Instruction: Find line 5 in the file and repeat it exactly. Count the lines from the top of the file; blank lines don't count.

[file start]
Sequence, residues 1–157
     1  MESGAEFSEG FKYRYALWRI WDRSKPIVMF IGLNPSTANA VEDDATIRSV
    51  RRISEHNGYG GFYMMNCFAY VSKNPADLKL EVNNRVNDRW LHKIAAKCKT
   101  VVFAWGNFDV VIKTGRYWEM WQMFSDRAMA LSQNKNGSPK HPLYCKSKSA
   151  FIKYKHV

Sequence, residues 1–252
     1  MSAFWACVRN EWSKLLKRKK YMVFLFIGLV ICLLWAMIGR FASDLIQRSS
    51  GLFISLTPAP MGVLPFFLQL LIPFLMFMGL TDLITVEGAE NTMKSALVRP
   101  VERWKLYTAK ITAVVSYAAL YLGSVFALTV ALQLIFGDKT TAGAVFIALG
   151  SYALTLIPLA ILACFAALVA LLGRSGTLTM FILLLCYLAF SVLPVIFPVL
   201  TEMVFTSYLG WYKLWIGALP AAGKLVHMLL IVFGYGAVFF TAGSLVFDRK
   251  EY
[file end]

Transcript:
   151  FIKYKHV